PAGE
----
How a company chooses to enforce employee responsibilities and handle client relationships can have a great impact on overall company performance. If employees are confused about what is expected of them, it can pose harm to client relationships. Clients can choose to take their business elsewhere if they feel that the services rendered are not up to their standards or not what the company promised. Some companies choose to prevent, or stop, this from happening by implementing employee training and development programs that will provide their employees with professional structure and a complete understanding of their duties. This initiative in turn will positively affect the company’s long-term goals and highlight their employees’ talents and contributions.
For the consultative firm that Herbers (2013) referenced, they built a training program that separated those that had professional and nonprofessional duties. Those with nonprofessional duties were put on a career path to eventually become managers, supervisors, and executives while those with professional duties were left to the most important tasks, advising. This unique approach consisted of a centralized client service and operations department that allowed junior advisors to complete a six-week orientation period to completely concentrate on their number one priority, properly advising clients. The motive behind this original department is to make sure that secretarial and essential office functions are not being handled by young, impressionable advisors. They concluded that because they are neither taught nor driven to perform such tasks, they did them poorly. This method instantly highlighted the problem of the advisor turnover rate.
The key to structuring a client service center, according to Herbers (2013), is to have at least one person providing dedicated support and directing training. It is equally important to include in the training, not only what an employee’s job requires, but about the company’s goals as a whole. Along with making sure that the company’s goals are clear, the training should also include how the company wishes to provide their clients with superior services. Those that are a part of the training enjoy secretarial and essential office tasks so that immediately lowers employee turnover. The CSS training is also six-weeks and is hugely built around the company operations manual. In short, the training highlights general understanding of company procedures and various software used, understanding the standards to which dealing with clients will be held, grasping how to process new clients, and demonstrating the role of satisfying continuing client capabilities (Herbers, 2013). This approach to providing employee training satisfies the consultative firm’s needs while also catering to the development of their employees’ professional potential. The firm’s needs are met because their advisors can focus solely on one thing, client advising while the client services specialists are being trained to incorporate their duties into the overall purposes and practices of the firm itself.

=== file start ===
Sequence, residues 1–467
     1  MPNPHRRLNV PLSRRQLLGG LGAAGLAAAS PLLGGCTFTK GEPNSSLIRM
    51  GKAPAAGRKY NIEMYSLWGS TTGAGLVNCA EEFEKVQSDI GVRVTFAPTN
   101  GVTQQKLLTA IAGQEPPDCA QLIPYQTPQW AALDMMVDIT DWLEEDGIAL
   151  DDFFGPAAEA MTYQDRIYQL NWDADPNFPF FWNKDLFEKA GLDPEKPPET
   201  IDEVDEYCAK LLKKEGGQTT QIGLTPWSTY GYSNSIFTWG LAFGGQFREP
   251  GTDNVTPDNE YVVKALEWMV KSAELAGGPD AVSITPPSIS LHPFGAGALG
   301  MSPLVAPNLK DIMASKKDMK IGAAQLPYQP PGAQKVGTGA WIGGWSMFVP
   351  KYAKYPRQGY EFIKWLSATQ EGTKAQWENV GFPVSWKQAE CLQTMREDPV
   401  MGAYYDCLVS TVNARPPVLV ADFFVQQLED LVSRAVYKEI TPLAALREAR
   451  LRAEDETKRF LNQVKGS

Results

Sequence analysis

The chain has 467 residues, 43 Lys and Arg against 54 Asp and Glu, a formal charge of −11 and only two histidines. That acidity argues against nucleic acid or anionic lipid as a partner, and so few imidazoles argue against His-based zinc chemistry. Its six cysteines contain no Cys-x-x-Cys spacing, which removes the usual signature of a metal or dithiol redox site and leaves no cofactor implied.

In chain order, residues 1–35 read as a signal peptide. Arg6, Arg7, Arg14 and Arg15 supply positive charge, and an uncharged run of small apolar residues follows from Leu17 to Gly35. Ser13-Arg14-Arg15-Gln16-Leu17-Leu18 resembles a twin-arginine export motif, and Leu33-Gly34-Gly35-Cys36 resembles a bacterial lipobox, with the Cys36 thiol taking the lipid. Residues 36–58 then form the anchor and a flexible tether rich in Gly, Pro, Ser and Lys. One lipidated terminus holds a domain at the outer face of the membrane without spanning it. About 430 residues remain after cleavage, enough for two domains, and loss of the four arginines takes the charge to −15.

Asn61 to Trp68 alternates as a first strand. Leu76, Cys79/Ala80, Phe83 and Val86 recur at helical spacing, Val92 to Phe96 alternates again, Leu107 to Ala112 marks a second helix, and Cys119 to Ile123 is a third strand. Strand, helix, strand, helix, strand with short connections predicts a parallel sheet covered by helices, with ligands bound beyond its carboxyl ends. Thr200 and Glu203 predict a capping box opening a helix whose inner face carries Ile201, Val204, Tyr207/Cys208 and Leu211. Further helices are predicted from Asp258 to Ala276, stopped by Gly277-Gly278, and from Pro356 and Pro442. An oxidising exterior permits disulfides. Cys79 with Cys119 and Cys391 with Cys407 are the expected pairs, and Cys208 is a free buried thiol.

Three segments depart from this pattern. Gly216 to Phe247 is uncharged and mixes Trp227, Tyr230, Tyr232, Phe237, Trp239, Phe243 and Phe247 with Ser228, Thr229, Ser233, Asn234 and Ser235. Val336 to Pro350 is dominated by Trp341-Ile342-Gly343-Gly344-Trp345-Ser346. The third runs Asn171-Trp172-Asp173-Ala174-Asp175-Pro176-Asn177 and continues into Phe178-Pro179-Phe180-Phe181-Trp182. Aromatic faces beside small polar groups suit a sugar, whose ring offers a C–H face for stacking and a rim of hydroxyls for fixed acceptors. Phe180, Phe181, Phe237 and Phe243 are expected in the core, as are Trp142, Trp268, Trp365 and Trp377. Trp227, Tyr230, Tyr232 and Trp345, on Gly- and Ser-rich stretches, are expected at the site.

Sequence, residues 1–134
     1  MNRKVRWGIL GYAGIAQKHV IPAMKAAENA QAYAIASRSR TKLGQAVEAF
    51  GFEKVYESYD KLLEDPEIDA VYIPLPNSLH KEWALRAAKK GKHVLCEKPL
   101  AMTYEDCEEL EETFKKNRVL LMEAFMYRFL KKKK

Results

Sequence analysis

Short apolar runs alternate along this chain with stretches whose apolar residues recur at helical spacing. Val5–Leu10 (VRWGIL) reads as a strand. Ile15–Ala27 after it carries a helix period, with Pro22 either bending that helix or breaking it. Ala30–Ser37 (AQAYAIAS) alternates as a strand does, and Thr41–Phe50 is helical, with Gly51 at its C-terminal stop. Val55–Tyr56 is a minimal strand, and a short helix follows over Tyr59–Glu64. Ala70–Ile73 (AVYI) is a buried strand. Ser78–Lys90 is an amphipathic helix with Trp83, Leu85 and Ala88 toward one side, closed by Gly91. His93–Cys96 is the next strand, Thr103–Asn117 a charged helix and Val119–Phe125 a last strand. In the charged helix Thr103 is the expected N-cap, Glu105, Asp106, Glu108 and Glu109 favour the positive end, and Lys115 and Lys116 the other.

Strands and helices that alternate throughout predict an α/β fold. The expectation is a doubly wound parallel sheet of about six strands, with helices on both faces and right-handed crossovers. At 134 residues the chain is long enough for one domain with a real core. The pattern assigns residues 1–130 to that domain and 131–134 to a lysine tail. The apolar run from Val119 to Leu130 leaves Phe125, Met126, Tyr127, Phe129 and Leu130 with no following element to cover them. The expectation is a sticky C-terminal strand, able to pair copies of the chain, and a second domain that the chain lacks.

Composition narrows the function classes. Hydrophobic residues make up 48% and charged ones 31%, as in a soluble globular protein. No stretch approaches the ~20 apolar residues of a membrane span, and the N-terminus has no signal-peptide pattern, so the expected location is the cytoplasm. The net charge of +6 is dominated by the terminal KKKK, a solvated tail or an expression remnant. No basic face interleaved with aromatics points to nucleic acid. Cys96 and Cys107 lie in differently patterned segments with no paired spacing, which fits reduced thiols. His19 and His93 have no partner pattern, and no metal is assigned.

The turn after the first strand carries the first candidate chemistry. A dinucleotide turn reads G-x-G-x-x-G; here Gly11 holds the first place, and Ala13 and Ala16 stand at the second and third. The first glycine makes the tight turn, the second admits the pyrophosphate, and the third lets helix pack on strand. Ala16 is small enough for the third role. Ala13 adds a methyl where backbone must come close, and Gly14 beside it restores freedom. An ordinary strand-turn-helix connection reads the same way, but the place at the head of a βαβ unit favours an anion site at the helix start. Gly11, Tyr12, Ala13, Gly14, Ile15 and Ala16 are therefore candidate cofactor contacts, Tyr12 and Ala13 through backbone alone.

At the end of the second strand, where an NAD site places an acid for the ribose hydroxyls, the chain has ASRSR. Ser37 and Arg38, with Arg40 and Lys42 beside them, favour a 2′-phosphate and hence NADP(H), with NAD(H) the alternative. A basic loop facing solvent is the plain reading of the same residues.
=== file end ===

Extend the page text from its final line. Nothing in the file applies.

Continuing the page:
Initiating a training program that teaches each department their duties and responsibilities yet ties the overall objectives of the company into each, respective training session allows for each department to have a better understanding of what each does and how each one serves to enhance the long-term goals of the organization. By supplying this type of understanding through training, the opportunity arises to allow employees in respective departments to come together cohesively. This has proved as a good start for a fine arts storage and transportation company that has reformed their employee training program to become more effective for their long-term company objectives.
Accompanied with substantial training and position development, employee retention and confidence can increase. According to Bushman (2013), going